The proposed study of early modern catholic reform movements sets out to investigate a cultural phenomenon that throughout Europe was shaped by female initiative. The goal is to examine the nexus of knowledge, power relations and female piety in early modern European societies.
Moreover, by re-evaluating the role women held in mysticism around 1700 and asking for the reasons of the failure of this model of thought and behaviour, in a second step the study shall allow a new understanding of the gendered development of secularisation in European society. Employing gender as a category of analysis enables a reconsideration of the traditional understanding of the beginning of modernity.
The analysis of the early modern renegotiation of gender roles will be under taken as a study of concrete circulation of cultural knowledge: the circulation of manuscripts and printed texts, tracing notices of particular publication strategies, travelling and meeting in devote circles, monasteries and at court.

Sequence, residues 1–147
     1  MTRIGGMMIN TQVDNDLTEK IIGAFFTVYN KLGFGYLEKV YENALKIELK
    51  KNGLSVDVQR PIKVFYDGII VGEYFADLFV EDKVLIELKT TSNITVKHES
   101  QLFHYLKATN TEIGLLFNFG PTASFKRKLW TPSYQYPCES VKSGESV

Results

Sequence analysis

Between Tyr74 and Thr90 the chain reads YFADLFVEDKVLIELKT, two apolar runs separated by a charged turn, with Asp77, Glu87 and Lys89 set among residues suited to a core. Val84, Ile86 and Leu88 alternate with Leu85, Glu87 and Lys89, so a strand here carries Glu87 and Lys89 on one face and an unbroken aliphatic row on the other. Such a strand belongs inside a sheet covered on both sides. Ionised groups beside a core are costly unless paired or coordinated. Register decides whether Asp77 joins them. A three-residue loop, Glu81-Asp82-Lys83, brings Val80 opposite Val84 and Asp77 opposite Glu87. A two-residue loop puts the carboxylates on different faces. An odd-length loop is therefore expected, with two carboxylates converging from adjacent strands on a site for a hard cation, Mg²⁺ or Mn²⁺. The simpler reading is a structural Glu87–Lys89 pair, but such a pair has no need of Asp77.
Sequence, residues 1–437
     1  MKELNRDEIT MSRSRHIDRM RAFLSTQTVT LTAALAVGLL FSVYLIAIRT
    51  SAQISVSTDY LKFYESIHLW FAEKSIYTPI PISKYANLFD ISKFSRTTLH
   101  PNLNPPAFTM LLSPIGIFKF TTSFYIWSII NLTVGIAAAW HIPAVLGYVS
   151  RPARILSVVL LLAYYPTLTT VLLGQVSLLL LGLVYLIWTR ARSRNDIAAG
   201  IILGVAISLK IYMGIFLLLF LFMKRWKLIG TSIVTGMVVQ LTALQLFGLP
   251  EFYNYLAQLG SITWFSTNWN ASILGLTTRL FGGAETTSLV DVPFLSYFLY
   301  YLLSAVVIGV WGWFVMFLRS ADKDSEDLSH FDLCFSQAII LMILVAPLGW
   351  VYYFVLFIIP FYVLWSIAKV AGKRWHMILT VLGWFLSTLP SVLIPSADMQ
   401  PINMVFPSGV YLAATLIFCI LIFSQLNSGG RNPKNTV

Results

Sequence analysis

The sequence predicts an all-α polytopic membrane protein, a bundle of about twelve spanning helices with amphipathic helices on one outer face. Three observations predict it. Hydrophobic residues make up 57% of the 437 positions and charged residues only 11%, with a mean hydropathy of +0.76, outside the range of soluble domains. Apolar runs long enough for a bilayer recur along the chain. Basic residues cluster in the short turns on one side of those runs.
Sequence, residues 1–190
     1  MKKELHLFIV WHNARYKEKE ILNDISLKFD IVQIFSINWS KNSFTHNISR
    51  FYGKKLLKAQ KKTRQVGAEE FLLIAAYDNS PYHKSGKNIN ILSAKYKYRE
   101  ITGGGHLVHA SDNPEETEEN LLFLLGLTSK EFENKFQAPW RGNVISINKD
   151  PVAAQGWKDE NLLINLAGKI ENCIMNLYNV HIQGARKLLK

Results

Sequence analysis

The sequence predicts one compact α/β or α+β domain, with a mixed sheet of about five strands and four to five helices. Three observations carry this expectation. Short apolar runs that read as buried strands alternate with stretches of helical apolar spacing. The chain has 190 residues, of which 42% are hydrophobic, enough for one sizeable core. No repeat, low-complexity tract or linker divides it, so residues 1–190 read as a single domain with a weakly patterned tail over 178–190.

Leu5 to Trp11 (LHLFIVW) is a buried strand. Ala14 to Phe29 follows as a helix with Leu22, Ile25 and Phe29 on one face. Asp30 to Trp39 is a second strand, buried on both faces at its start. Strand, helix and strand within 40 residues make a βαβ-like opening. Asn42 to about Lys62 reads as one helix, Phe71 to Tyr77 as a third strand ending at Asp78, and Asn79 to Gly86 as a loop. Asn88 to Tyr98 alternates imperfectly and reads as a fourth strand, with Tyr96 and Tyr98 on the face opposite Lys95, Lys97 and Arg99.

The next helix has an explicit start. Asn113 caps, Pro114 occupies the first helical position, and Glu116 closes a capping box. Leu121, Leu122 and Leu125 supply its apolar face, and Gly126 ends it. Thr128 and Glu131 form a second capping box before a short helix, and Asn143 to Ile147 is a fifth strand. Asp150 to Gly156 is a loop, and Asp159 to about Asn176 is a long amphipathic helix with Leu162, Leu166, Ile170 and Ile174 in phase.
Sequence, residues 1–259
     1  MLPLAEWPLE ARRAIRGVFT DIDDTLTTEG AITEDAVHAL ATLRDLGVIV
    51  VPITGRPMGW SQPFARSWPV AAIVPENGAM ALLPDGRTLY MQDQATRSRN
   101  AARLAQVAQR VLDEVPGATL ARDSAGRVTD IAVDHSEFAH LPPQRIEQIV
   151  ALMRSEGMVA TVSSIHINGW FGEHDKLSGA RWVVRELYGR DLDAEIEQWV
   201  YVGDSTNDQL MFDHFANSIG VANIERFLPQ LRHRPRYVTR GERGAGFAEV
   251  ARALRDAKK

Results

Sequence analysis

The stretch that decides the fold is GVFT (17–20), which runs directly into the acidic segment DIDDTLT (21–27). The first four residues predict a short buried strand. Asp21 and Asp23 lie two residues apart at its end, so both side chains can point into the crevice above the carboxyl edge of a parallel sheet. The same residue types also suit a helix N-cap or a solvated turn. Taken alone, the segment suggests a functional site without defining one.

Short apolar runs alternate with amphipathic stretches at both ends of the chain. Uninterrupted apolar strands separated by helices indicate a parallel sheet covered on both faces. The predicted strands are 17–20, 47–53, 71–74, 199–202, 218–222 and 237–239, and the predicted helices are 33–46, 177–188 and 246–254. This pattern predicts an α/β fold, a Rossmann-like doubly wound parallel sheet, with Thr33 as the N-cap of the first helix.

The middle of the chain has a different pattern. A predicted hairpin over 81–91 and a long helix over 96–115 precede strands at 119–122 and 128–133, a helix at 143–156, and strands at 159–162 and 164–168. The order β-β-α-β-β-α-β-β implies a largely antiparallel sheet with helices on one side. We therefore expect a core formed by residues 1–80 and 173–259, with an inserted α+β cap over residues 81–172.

It will be carried out as a detailed case study of quietist circles, exploring the differences that characterized the development of the movement in urban, courtly and provincial environment and the analogies between the French, the Italian, the Spanish and the German development.
The quietist movement was characterised by frequent exchanges across both territorial and confessional boundaries (analogies to pietism). The recent opening of the Archives of the Holy office and new sources now permit the separate and local branches to be interconnected and situated within the broader, European context.
Furthermore, it will be possible to demonstrate what political issues were at stake. Engaging in interdisciplinary dialogues and through the comparisons between the cultural production of different countries, the project will offer a new understanding of the specific contribution by women to European cultural heritage.
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